Cummings doesn't give two ****s about Boris getting re-eletected, the Tory core vote or anything else. He's a demented iconoclast.

          Cummings drive was to find a low intervention approach that would protect the economy. And he was willing to sacrifice lives to that end.


          I don't think it's a fantastical accusation - it's been the right's response to gun control in the US, to climate change the world over, to welfare reform in the UK, to the growth in homelessness, to environmental protections, to under-funding both health and social care.

          This isn't anything new. Tory policy has been predicated on the acceptance of a degree of collateral damage for a generation.
          As I made clear in my post the herd immunity idea is central to immunology (and hence vaccination). I may be giving them an easy ride, but I genuinely think it was a fairly gauche attempt to use an idea that people might understand in terms of the other vaccinations they get their kids to have.

          Although I’m sure you know I lean in a different direction to you, I really hope this societal challenge will see us all reconsider the values we have sometimes prioritised over others, and that some lasting good will come of it- not least in relation to some of the topics you mention above. I’m now going to try to avoid political posts in this forum- in so far as I can while recognising politics underpins most of our lives.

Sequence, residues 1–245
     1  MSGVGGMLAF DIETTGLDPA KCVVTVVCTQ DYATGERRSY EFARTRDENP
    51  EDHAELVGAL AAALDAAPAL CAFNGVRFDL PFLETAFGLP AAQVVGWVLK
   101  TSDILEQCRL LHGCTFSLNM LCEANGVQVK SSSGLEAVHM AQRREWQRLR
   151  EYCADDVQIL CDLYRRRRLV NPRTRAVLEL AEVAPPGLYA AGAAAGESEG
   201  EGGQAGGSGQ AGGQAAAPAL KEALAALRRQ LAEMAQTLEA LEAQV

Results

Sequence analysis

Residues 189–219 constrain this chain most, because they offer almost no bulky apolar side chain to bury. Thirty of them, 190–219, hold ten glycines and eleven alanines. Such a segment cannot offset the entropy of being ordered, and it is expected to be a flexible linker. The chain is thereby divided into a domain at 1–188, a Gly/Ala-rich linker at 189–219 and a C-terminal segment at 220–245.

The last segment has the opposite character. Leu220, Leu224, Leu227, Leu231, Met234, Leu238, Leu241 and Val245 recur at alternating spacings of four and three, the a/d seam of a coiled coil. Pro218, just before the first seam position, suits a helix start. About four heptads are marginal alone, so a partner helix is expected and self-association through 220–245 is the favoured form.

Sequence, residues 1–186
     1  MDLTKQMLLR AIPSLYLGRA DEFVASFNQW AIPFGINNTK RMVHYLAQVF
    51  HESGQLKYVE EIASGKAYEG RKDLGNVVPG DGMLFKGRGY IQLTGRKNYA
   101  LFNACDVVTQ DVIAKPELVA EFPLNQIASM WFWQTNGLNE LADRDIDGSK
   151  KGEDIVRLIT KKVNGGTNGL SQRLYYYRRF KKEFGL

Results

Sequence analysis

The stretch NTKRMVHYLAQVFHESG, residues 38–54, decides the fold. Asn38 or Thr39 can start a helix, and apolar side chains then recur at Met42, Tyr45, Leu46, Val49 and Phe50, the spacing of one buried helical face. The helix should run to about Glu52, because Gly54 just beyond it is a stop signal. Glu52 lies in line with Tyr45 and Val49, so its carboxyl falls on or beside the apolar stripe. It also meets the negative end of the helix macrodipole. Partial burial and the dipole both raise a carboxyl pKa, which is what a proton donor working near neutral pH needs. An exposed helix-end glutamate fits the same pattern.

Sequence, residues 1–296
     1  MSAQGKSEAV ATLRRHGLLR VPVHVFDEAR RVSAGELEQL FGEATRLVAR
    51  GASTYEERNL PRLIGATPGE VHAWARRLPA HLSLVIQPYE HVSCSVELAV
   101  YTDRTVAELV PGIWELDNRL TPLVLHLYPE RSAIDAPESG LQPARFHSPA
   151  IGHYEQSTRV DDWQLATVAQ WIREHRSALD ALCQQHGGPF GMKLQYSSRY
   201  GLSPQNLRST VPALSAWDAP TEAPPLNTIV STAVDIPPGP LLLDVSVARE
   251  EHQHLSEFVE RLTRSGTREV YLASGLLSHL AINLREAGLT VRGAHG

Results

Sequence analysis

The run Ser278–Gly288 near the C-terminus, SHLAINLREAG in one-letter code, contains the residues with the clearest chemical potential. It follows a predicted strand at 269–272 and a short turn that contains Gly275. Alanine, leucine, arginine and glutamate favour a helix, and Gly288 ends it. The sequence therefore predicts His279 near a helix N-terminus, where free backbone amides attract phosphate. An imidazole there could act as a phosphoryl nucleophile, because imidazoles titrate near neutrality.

Comment


            Originally posted by jagawayagain View Post

            While anything is possible, I don’t think that’s a remotely likely situation. I realise that a lot of people don’t like Boris, although quite a few voted for him, but I think he is doing a good job, and the latest opinion poll shows that 53% agree with that (from memory disagree is about 30%). Perfect? No - of course not. Italy and UK are entirely different situations, among other things Italy only moved to proper lockdown very recently - long after the horse had bolted. UK is now doing so, but well before the spread anything like the situation in Italy. Moreover, the intervening time has been used to develop and test nationwide response plans- and for a better provisioned national service. I’m not saying it will be easy, or that there’s nothing to worry about, just that we’re responding well to a multi faceted problem of colossal proportions.
            I hope you are right, because right now it's exactly the same trajectory as Italy, except two weeks behind. The correlation couldn't be more even.

            https://twitter.com/imartincorena/st...528845824?s=19

            The worry is that Ireland and the UK have less ICU beds, less ventilators etc. Despite a call to arms, you can't make ventilators in a few weeks (and even if you could, who will certify them?).

            I don't really care for the politics, I want people to survive this dreadful disease, but if it turns out that the the majority scientific views were ignored, there will be repercussions.